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Researchers Develop Cost-effective Method of Synthesizing Common Anticoagulant

Heparin, an anticoagulant medication, can now be made efficiently in the lab without the risks that come with animal-derived drugs

Meeri Kim, Contributor
Mon, 09/18/2017


Anticoagulant medications made from an animal-derived compound called heparin help to treat and prevent clotting disorders like arterial and venous thrombosis. However, heparin typically comes from the mucous membranes of porcine intestine, meaning it is vulnerable to risks associated with disease epidemics in animals and adulteration at one of the many steps from animal harvesting to final drug. Most notably, batches of contaminated heparin were recalled in 2008 and caused 81 deaths.

In an effort to replace animal-sourced heparin with a synthetic version, researchers from the University of North Carolina at Chapel Hill have designed a synthetic compound that could serve as a potential substitute. Their results were published Sept. 6 in Science Translational Medicine.

“Heparin is a carbohydrate-based drug. Traditional synthesis of such molecules is very difficult and costly, and also generates a large amount of chemical waste,” said senior author Jian Liu. “It is impossible to prepare synthetic heparin using the chemical approach at the cost that is competitive with animal-sourced heparin.”

Instead Liu and his colleagues invented a scalable, enzyme-based synthesis to prepare synthetic low-molecular weight heparin. Previously, the chemoenzymatic method could only be used to produce very small amounts of product on the milligram scale. The team first began the project about 15 years ago, gradually making improvement in the process. For instance, they discovered two heparin structures, called 12-mer-1 and 12-mer-2, that could be easily synthesized with this approach. The structures are examples of a type of carbohydrate called oligosaccharides, which consist of a relatively small number of simple sugars linked together. In comparison, animal-derived heparin is a mixture of various oligosaccharides. The scientists also employed engineered bacteria strains to synthesize chemicals, called cofactors, used by the enzymes to increase the efficiency of the reactions.

Their scalable method of making synthetic heparin is cost-effective, efficient, and does not generate chemical waste. The team tested 12-mer-1—the easier molecule to synthesize—in mouse models of venous thrombosis and sickle cell disease. One day after narrowing the inferior vena cava of mice, 12-mer-1 significantly reduced clot weight by 60 percent compared to a control group. Also, sickle cell mice injected with 12-mer-1 every eight hours for a week had lowered levels of circulating procoagulation markers. Lastly, 12-mer-1 was observed to leave the body at a similar rate as the FDA-approved heparin drug enoxaparin in a nonhuman primate model.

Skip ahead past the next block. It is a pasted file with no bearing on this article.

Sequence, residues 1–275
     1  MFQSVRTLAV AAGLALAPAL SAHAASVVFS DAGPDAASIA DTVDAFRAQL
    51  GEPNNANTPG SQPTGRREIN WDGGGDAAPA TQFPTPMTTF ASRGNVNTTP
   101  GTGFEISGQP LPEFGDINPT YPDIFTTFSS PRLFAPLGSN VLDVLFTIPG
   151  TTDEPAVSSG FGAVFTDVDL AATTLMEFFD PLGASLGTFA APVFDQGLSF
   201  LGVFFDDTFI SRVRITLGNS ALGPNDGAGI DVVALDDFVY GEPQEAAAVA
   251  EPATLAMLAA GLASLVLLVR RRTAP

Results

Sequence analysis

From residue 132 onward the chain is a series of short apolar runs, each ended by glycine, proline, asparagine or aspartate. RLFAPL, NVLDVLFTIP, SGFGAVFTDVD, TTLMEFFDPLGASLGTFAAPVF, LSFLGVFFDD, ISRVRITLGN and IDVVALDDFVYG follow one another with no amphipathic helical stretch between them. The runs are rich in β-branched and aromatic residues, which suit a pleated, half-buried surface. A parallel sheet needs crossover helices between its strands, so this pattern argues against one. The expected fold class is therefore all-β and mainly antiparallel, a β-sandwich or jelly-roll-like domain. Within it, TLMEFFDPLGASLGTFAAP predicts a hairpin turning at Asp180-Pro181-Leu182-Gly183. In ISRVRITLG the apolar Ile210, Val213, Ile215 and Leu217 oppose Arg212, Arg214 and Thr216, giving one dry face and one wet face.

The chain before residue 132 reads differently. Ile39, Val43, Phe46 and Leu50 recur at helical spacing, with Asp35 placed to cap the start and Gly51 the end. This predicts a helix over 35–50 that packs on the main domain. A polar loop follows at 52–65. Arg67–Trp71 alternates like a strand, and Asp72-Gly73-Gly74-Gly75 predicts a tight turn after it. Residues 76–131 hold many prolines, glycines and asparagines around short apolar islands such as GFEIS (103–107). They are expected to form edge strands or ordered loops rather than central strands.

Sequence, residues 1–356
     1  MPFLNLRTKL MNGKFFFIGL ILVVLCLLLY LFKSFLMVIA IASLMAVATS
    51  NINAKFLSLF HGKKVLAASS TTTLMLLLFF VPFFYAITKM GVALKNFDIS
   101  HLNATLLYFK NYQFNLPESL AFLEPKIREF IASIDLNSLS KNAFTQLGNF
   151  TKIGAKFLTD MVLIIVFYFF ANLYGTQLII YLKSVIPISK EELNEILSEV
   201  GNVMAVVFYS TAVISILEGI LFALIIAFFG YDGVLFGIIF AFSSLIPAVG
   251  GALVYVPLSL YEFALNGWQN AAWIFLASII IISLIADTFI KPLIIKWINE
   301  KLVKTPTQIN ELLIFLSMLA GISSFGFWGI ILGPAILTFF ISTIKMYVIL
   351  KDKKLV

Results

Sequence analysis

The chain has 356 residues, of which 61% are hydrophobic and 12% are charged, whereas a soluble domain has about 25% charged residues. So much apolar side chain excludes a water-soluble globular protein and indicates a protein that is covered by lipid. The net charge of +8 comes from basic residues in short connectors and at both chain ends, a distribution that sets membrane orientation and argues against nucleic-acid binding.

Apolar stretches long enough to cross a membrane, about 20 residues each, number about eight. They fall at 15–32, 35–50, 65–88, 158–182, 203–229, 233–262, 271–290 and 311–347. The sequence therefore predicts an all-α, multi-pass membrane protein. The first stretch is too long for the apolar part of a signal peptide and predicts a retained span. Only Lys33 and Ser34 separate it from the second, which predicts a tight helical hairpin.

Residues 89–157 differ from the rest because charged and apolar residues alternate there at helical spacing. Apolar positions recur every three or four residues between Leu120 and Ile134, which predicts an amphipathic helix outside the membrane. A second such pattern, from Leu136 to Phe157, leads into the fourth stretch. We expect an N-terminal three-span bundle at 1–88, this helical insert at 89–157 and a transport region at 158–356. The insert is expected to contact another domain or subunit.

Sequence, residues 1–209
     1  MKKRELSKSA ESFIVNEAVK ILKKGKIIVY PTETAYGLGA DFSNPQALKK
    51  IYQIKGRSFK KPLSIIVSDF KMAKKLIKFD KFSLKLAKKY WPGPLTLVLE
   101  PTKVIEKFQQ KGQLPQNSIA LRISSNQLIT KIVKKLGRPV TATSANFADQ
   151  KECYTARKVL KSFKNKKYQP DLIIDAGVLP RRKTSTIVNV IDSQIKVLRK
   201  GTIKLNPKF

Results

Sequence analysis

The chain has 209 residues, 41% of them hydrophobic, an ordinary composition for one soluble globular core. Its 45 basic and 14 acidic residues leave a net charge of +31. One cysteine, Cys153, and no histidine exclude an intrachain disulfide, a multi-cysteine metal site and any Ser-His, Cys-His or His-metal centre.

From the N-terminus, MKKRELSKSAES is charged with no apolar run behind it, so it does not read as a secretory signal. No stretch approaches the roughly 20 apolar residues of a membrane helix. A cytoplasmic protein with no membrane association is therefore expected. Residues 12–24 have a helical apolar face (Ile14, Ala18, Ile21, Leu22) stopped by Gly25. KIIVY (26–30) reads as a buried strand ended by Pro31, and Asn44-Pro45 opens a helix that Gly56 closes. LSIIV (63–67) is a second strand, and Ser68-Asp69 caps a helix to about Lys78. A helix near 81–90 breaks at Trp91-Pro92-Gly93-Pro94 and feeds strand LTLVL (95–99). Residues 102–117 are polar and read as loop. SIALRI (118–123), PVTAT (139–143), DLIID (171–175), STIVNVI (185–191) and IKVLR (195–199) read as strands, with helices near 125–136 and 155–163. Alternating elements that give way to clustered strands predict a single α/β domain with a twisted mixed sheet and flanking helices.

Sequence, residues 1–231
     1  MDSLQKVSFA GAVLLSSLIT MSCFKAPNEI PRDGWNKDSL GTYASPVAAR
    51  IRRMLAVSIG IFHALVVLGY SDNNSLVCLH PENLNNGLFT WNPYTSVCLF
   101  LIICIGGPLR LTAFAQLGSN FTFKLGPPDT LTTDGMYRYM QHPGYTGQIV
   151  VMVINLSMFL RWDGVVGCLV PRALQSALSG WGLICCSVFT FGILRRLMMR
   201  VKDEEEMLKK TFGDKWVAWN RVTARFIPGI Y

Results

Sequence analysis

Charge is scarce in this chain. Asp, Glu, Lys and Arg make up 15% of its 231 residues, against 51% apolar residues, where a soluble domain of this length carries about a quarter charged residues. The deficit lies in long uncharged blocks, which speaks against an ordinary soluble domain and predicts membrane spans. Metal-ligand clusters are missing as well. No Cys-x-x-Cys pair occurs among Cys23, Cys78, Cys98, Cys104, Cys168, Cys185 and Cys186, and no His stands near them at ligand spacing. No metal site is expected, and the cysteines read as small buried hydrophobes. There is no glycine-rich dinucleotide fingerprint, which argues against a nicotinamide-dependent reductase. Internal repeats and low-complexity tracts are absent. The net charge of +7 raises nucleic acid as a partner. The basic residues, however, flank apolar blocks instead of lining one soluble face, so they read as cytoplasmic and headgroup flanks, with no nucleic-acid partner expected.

In vitro experiments also demonstrated that protamine—a cheap and widely available antidote for heparin—could reverse the anticoagulant activity of 12-mers. This means in a case of overdose or bleeding, protamine could be given to the patient.

“Replacing animal-sourced drugs with their synthetic counterparts is a trend to improve the safety and reliability for medicines,” said Liu. “One classic example is insulin, a drug used for diabetic patients.”

Insulin, originally isolated from the pancreas of pigs, is now almost completely synthesized rather than animal-sourced.

Andreas Greinacher, a professor of transfusion medicine at the Medical School and Hospital of the Ernst-Moritz-Arndt-University Greifswald in Germany, who was not involved in the project, believes the study is an important development in the field of anticoagulants. Synthesis of heparin could help meet increases in demand for anticoagulants as the world’s population grows and health care systems around the world improve.

“Heparins are the most frequently used anticoagulant in in-hospital patients and their consequent use has substantially reduced the risk for thrombosis and pulmonary embolism,” said Greinacher. “There is no risk of transmitting pathogens from animals with this synthetic heparin, and its production is not restricted by the availability of biological material.”